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Cycling of Matter in Living Systems 3.3 The Leaf Tissue and Gas Exchange.

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Presentation on theme: "Cycling of Matter in Living Systems 3.3 The Leaf Tissue and Gas Exchange."— Presentation transcript:

1 Cycling of Matter in Living Systems 3.3 The Leaf Tissue and Gas Exchange

2 Dermal Tissue The epidermis on the top and underside of the leaf is clear and very thin Guard cells form tiny openings or pores called stomata allow gas exchange to occur Stomata regulates the movement of gases and open into air chambers that connect with the cells of the ground tissue Carbon dioxide and oxygen can enter and leave the leaf by diffusion at any time. Most stomata are located on the underside of the leaf


4 Guard cells function to allow materials in and out when necessary Protect the leaves from losing too much water The process of water leaving the leaf through the stomata is called transpiration Without guard cells transpiration could dangerously dehydrate a plant The number of stomata vary depending on environmental conditions: hot, dry climate = few stomata, high humidity = many stomata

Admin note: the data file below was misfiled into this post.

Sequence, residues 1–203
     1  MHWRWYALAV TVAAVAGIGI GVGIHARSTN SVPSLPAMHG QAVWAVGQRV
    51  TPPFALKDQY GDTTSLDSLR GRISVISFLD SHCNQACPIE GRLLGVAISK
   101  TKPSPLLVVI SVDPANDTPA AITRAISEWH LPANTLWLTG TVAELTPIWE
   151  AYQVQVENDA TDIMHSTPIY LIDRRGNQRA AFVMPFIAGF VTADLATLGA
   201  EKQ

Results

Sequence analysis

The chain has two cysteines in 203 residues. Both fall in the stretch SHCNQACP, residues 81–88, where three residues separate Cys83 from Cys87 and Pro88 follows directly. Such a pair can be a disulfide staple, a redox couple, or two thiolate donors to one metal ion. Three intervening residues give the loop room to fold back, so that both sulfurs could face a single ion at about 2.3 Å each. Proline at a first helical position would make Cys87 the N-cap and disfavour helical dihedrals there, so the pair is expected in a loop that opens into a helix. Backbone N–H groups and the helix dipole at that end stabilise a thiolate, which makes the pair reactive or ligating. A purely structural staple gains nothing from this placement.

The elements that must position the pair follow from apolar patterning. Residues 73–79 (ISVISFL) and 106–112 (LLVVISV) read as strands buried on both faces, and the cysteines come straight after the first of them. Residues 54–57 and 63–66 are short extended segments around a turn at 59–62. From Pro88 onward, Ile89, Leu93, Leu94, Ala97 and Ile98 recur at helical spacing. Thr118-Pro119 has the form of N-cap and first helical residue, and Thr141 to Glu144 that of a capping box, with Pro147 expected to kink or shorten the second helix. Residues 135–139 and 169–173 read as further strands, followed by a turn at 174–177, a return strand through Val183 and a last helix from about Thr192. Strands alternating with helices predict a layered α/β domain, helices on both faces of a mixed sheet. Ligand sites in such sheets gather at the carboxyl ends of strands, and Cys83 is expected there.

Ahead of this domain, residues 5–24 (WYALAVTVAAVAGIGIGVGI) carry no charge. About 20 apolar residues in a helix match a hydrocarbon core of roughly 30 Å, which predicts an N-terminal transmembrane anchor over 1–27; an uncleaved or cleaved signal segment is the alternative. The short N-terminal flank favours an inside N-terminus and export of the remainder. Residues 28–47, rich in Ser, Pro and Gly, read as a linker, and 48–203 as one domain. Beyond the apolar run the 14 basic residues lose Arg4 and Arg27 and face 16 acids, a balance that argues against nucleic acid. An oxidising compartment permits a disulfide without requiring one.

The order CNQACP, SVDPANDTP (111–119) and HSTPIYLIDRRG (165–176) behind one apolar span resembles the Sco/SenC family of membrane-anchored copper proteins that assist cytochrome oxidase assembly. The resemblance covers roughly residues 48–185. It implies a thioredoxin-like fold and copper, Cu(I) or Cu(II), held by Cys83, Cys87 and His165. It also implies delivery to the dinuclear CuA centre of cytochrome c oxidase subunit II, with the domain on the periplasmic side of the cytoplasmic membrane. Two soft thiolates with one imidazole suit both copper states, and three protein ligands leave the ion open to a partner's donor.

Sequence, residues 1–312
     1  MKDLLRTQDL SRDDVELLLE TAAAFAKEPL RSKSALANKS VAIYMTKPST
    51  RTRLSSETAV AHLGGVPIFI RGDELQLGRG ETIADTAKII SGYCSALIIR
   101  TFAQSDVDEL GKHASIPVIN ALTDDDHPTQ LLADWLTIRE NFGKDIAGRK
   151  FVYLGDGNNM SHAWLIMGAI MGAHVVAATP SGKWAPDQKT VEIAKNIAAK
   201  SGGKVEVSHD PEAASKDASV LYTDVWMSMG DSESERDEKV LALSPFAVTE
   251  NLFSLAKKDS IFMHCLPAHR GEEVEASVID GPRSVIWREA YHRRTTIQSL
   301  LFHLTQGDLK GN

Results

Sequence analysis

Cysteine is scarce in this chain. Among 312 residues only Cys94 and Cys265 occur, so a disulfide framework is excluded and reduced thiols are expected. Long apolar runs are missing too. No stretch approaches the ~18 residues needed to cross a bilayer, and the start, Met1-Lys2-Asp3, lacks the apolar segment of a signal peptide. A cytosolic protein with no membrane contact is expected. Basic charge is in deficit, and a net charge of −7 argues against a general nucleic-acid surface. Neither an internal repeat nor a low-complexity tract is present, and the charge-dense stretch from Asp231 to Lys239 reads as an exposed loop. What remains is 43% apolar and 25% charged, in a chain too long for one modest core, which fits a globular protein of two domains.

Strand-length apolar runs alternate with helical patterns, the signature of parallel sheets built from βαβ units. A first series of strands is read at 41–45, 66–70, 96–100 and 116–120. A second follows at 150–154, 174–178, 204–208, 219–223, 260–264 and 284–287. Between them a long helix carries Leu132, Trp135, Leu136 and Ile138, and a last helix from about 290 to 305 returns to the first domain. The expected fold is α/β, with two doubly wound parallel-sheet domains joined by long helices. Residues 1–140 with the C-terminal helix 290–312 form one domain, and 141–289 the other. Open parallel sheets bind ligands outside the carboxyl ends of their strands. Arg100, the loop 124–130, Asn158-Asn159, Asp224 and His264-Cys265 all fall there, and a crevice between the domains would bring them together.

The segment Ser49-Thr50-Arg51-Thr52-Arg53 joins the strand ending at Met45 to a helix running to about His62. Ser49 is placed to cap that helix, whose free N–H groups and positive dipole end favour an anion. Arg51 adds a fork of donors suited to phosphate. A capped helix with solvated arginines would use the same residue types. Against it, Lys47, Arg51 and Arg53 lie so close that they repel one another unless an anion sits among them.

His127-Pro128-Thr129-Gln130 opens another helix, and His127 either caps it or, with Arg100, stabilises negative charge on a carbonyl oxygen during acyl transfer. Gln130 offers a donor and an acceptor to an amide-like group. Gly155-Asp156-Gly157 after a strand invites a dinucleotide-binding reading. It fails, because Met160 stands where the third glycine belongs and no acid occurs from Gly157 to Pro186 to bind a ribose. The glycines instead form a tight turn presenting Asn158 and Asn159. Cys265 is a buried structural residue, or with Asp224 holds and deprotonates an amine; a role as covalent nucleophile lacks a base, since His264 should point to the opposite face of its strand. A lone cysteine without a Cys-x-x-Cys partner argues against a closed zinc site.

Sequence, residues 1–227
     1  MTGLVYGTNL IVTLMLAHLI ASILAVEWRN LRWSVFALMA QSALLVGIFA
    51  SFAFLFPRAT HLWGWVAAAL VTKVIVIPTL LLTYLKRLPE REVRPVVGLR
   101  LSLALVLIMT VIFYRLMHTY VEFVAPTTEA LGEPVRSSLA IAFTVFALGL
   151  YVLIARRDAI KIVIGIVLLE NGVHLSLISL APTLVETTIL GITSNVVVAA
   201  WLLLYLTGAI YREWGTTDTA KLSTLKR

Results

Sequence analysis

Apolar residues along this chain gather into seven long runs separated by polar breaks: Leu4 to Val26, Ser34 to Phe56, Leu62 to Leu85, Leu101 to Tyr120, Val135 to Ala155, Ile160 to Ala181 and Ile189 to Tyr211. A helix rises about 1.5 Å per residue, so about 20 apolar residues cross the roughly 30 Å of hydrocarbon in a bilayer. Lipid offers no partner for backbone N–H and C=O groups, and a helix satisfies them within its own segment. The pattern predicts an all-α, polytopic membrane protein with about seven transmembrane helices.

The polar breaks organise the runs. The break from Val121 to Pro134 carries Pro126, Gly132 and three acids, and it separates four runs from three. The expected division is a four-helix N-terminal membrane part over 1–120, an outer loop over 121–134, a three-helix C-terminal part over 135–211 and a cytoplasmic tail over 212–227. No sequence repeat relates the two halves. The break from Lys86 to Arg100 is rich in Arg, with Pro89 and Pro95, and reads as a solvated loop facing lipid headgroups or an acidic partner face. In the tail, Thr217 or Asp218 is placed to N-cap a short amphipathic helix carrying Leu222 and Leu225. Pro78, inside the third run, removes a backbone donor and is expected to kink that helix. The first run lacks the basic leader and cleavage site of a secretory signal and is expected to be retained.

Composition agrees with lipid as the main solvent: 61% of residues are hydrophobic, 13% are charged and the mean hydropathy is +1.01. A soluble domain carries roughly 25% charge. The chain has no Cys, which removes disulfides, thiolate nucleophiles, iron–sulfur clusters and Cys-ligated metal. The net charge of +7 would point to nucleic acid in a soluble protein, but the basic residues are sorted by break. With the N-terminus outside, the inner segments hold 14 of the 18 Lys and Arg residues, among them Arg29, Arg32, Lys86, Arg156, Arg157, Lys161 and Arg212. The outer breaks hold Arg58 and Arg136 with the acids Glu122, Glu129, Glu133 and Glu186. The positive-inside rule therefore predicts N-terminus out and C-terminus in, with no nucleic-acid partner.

5 Ground Tissue Between the upper and lower epidermis are specialized ground tissues called mesophyll There are two different types of mesophyll tissues

6 Palisade Tissue Cell Found just below the upper epidermis Long, rigid, rectangular cells that are tightly packed together and arranged so that a large number of cells are exposed to the Sun’s rays. Responsible for photosynthesis Require carbon dioxide and produce oxygen

7 Spongy Mesophyll Tissue Located between the palisade tissue cells and the lower epidermis Loosely packed irregularly shaped cells Increased space allows for gas exchange by diffusion throughout the leaf Move oxygen towards the stomata or expulsion from the plant and will move carbon dioxide towards the palisade cells

8 Vascular Tissue Provides the leaf with the water needed for transpiration and photosynthesis and removes the sugars formed The “ribs” running through the leaf, called veins, contain the vascular tissue of the leaf. The xylem and phloem tissues are bunched together like a handful of straws in a vascular bundle

9 Xylem transports water necessary for photosynthesis and dissolved salts from the roots to the leaf Phloem transports the sugar manufactured in photosynthesis to the rest of the plant The vascular bundles are direct extensions of the vascular bundles of the stem They branch into finer veins within the spongy mesophyll

10 Gas Exchange in Plants All gas exchange occurs by diffusion Diffusion occurs through air spaces and then across cell membranes Homework: Check and Reflect p. 314 # 1 - 6

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